From the time I unloaded the materials until I was ready to clean fish, it took about five hours of work. I think anyone could build such a cleaning station for themselves in a similar amount of time. One thing I learned — and it’s an old lesson — definitely measure twice and cut once. Always cut a little less off than necessary and then fine-tune it from there.
If anyone would like me to make a cleaning station or has any questions, email me at [email protected].
List of Fish Cleaning Station Building Materials
- 1 sink (plastic is best) with faucet and spout
- 1 large cutting board 1/4-inch thick
- wheels (optional)
- 1 spring-loaded metal clamp
- 12 pressure-treated 2x4x8s
- 5 feet of 1-inch diameter PVC pipe
- 1 PVC adapter for a garden hose
- 1 can PVC glue
- 2 feet of 3/4-inch flexible rubber hose
- 1 tube clear silicone
- 1 threaded adapter for flexible hose
- 1 PVC adapter to flexible hose
- 3 conduit clamps
- 2 hose clamps (3/4-inch flexible hose)
- 2.5-inch wood screws
- 1-inch wood screws
Step-By-Step Instructions for Building a Fish Cleaning Station
- Build a frame around the base of the sink out of 2x4s. Make sure not to build the frame too tight. The sink should be able to slide in and out of the frame easily.
- Screw in two 2x4s 60 inches in length to the front and back side of the sink frame. Attach a 2x4 to the sides, making a bigger frame.
- Attach the legs of the station to each corner of the frame. For stability, attach 2x4s to the inside of each leg, making braces. If desired, attach the casters or wheels.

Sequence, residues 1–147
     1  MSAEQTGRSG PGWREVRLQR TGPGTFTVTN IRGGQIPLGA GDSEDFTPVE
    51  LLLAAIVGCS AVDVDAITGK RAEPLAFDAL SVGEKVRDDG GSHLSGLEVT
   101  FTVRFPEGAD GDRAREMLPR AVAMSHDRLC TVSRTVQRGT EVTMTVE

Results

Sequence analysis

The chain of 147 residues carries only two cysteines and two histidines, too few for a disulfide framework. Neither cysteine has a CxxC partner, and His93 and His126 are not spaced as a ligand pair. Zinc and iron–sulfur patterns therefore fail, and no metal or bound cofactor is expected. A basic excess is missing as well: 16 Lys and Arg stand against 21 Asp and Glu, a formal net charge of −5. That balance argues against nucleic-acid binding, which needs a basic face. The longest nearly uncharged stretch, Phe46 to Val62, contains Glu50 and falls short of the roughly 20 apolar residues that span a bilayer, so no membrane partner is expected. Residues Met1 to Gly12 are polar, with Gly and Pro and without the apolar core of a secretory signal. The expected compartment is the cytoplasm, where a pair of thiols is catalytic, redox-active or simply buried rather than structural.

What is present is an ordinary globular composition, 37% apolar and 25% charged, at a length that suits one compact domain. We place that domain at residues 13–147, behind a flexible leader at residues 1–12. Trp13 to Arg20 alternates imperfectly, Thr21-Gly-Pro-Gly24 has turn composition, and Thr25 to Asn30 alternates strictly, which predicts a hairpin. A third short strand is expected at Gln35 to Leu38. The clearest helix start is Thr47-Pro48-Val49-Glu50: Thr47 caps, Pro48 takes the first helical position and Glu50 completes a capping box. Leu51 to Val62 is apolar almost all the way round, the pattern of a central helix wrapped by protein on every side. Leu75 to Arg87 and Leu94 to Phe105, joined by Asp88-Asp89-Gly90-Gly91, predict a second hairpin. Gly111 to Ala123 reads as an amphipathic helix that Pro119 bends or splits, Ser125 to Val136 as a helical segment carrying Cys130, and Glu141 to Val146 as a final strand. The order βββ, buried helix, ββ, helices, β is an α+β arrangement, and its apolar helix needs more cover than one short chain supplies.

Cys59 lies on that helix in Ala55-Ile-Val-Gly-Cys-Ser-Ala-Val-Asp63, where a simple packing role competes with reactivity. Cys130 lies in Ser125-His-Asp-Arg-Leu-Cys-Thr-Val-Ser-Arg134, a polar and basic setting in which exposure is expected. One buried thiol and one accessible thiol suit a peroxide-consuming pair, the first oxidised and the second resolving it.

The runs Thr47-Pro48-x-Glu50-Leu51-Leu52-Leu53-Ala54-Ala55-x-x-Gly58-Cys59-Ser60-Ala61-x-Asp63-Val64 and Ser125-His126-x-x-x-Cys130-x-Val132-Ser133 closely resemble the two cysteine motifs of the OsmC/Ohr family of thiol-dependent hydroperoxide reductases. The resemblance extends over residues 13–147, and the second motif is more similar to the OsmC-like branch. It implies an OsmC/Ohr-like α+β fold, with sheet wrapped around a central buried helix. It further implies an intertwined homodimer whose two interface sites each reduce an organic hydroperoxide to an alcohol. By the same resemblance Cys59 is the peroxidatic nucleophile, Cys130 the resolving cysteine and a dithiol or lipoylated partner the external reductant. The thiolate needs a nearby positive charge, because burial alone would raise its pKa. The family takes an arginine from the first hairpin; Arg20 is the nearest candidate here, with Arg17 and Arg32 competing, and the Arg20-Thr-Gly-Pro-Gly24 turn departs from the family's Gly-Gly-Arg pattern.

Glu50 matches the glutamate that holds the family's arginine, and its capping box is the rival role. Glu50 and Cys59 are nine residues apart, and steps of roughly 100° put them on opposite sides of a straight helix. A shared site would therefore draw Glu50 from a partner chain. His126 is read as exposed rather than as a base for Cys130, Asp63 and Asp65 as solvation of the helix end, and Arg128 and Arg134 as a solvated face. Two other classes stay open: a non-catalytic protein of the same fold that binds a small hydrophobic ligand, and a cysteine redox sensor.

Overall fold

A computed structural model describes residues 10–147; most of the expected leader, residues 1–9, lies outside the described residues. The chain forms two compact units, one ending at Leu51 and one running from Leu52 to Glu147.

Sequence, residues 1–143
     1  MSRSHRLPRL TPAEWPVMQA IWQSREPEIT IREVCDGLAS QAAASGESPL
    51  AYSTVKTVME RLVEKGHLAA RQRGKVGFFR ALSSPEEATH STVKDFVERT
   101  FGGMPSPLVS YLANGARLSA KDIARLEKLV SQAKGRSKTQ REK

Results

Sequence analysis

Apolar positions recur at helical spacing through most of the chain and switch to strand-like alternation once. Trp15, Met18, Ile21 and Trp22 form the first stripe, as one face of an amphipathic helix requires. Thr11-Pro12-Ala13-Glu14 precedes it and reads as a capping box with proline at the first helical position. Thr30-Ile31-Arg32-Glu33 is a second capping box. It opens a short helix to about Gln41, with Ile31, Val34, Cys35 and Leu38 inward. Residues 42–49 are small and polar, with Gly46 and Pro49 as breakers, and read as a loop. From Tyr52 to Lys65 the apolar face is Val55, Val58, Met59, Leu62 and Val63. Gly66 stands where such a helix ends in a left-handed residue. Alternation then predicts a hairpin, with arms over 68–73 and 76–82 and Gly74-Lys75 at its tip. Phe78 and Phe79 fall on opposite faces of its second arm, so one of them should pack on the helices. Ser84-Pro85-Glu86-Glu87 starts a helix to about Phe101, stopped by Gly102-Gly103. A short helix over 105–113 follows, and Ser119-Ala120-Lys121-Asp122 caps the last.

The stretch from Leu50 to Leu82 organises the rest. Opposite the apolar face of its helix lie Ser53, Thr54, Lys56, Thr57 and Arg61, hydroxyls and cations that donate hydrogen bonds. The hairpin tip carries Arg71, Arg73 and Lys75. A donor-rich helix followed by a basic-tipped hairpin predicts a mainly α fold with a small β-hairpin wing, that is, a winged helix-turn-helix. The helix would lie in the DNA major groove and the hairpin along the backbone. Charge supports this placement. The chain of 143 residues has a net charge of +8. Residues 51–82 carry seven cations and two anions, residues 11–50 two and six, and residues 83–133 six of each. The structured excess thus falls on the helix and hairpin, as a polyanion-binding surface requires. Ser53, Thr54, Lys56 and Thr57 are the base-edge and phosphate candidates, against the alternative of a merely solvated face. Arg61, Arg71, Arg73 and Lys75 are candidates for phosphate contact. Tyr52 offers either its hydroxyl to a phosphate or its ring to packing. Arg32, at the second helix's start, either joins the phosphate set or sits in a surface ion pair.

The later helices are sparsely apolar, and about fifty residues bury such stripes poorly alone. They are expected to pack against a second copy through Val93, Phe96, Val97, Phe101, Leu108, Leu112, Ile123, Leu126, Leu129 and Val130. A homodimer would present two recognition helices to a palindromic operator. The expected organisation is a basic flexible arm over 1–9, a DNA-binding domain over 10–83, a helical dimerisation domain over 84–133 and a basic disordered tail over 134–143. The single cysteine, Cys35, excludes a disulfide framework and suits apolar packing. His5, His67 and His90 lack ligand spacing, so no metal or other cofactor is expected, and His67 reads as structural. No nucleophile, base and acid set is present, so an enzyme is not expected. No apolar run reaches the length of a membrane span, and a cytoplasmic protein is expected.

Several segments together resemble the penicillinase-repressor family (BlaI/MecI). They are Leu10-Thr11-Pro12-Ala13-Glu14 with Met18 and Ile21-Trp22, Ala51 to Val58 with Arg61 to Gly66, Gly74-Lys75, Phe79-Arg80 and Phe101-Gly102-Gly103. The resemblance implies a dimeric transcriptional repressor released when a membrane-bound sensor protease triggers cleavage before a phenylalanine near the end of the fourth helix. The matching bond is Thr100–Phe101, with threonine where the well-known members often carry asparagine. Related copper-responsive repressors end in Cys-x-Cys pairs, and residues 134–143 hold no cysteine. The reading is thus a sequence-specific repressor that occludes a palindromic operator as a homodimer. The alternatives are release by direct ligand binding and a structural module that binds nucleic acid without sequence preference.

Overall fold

- On one side of the frame attach the large cutting board. Use additional 2x4s as needed to ensure the cutting board fits correctly. Using the 1-inch screws to secure each corner of the cutting board. Now, attach the metal clamp to the cutting board on the side closest to the sink to serve as a fish holder.
- On the side opposite of the cutting board, attach 2x4s running width ways on the inside of the frame. After braces are complete, screw in 2x4s to the top of the frame and braces. This serves as a chopping block.
- Assemble the PVC fittings starting with the garden hose attachment. Glue the garden hose attachment to the end of the pipe. Measure out distance to under the sink. Cut the pipe, and glue on PVC to flexible hose adapter. It might be necessary to secure pipe to frame or braces. If so, secure with conduit clamps.
- Bore a hole in backside of the frame under where the water hookup is. Line the threads of the sink with Teflon tape and secure the flexible hose adapter to the sink. Measure out the distance between two adapters and cut flexible hose to size. Line brass fittings with clear silicone, and attach flexible hose to both pipe and sink. Let the silicone and glue dry before running any water through the cleaning station.
- By Daniel J. Felsher as told to John N. Felsher
Daniel J. Felsher grew up in the sportsman’s paradise of south Louisiana. Being the son of an outdoor writer, he began hunting and fishing at a very early age and frequently accompanied me on many adventures. Always handy with tools, Daniel now serves on active duty with the U.S. Navy as an aircraft engine mechanic based in Virginia. – John N. Felsher